OPINION: MEANINGLESS WORDS AND EXCUSES HIDE ADELAIDE’S DEMISE
THERE WAS an air of unease around the South Australian motorsport community when, in 2015, the then-Government axed the SA Motorsport Board, incorporating the Adelaide 500 into the South Australian Tourism Commission’s slate of events.
WORDS AND LEAD IMAGE: Richard Craill
IMAGES: Frank Hodak
Most people on the motorsport side pondered whether it was a bad move, concerns that ‘event’ people, rather than ‘motorsport’ people, steering the ship it might head off course.
Others were more straight to the point: “They will f**k it in five years,” one long-serving, if slightly cynical member of the officiating team told me.
Turns out, they were right. Bang on the money.
The irony in the axing of the Adelaide 500 is that after a few challenging years filled with negative commentary and questions over the event’s future, it felt like things were turning a corner for what still remained Australia’s largest domestic motorsport event.
Covid-19 had forced a move to the end of the calendar rather than the beginning, finally delivering a date change that many vocal supporters of the event had been calling out for.
Rather than being buried within the enormous month-long party that is the Adelaide Fringe & Festival, the event would return to something of a ‘traditional’ November date where the Grand Prix was once entrenched.
Then news that the New South Wales Government had ceded its rights to host the final round of the Supercars Championship added another bonus; Where better to crown a champion than at the Adelaide 500?
Clean air and a chance to re-boot the event as a massive finale’ was going to be just the tonic.
Now, all that chat is meaningless.
It has long been known in local circles that the current Government are far from what could be defined as motorsport fans.
It’s also been a badly-kept secret that the only reason the event continued this long was because they didn’t really want to be the Government to kill it.. at least not before the next election, anyway.
Fortunately for them, along came Covid-19 and the perfect excuse with which to drop the proverbial axe and probably get away with it.
The Premier couldn’t even make the announcement in person; after Channel 9 Adelaide scooped the story, a four-paragraph statement serving to put the knife into thirty-five years of almost continuous motorsport history and billions of dollars in tourism value emanating from Adelaide’s East End.
Platitudes in said statement of ‘continuing to invest in the major events space to create local jobs,’ and ‘remaining strong supporters of motorsports and will move swiftly to assess all options for motorsport future events’ are exactly that; merely empty words.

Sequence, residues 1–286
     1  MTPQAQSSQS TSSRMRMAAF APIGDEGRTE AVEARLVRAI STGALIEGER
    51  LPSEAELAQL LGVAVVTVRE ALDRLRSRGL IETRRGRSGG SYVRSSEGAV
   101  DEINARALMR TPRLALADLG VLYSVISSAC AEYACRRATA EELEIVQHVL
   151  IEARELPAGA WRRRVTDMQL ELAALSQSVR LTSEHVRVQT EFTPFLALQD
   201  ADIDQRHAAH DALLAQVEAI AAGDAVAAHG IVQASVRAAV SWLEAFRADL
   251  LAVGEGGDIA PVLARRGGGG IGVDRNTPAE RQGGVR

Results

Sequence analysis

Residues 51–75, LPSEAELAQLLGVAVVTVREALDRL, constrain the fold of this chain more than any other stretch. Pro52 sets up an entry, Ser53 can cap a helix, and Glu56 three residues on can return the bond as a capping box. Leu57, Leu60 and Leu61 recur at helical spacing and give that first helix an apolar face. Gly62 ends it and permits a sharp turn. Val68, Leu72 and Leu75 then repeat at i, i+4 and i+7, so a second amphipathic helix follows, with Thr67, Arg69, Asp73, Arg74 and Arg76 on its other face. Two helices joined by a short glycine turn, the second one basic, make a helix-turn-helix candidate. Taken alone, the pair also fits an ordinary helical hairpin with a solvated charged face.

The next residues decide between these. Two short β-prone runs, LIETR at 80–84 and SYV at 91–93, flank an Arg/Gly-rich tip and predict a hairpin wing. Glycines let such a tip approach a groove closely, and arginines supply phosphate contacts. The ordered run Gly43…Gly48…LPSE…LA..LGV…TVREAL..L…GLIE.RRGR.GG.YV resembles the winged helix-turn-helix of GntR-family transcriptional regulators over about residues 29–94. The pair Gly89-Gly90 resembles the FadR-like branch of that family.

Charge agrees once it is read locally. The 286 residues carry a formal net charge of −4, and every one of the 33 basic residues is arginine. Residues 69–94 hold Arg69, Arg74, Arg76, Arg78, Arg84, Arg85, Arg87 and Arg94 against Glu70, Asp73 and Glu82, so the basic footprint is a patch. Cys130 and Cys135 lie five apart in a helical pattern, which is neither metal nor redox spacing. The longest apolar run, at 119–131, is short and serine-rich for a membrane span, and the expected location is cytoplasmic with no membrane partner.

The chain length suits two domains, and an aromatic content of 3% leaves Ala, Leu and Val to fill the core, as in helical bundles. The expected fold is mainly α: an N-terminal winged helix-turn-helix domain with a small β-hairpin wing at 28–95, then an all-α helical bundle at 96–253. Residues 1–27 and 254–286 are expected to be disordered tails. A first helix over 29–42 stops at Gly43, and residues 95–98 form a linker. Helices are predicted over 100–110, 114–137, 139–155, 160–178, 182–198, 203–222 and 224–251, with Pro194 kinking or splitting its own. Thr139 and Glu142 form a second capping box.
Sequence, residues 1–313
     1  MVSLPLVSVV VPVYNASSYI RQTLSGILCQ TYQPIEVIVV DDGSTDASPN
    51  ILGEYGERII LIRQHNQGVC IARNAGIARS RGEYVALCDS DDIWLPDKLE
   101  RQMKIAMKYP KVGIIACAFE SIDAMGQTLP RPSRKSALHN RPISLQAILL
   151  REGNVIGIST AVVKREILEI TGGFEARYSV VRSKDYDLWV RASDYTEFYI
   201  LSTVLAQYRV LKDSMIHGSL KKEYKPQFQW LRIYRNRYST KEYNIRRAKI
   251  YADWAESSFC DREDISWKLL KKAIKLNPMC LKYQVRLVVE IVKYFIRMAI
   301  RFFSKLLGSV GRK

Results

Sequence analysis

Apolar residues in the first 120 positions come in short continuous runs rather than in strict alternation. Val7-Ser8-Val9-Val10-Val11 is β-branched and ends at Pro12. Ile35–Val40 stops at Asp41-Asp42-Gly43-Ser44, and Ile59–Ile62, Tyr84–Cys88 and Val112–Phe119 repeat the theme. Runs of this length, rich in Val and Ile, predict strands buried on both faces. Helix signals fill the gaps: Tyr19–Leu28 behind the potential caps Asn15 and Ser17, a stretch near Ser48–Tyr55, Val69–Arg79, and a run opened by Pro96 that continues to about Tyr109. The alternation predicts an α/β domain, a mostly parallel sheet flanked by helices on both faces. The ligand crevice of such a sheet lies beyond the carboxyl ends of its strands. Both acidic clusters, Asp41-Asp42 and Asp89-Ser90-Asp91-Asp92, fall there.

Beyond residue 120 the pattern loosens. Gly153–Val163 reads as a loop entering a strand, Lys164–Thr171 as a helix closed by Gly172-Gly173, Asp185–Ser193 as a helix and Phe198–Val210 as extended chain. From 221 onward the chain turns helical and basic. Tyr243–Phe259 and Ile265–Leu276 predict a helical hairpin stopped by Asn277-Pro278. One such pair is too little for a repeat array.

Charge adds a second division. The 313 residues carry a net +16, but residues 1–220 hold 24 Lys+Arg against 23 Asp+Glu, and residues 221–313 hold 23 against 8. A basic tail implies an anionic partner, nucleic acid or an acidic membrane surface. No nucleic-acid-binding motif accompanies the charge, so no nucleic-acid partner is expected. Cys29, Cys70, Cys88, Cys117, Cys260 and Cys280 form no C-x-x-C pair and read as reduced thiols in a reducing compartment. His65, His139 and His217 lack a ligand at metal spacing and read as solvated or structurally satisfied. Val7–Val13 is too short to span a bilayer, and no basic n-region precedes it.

How wrong they are. And how badly, like much of the past five years, this was managed.
Using the Covid-19 pandemic was a logical excuse, of course, but it is also a cop out that smacks of being a well-timed out clause and nothing more.
Post-Covid economies, especially those in smaller states like South Australia, will need major events that bring people into the state and into the city to spend money.
Killing one of those exact things – that even at its lowest point brings 200,000 of them into the city centre in a four day period – is at best short-sighted and at worst a smack in the face to the state and the economy as it enters a rebuild mode that will dictate our future for years to come.
The anger towards the axing is as much for the loss of something iconic as it is the madness to remove something that delivers more than $45 million into the local economy each year for about a quarter of that in initial investment.
Where do they propose to find that kind of input now, in this day and age?
What’s more, comments in The Advertiser from SATC chief Rodney Harrex border on insulting to a paying public who have attended the event faithfully for 22 years.
“Due to the high level of uncertainty around the ability of the event to proceed in 2021, the likely impact on the event for both the consumer and commercial market, and the long-term decline in the core motorsport fan, a decision has been made that it will not be possible to hold the race next year, and to not seek a contract for future years,” he said.
Signaling a ‘long-term’ decline of the core motorsport fan is the biggest excuse yet; a fragile line of PR hyperbole attempting to mask inadequacies in the way the event has been managed by a Government who just didn’t get it.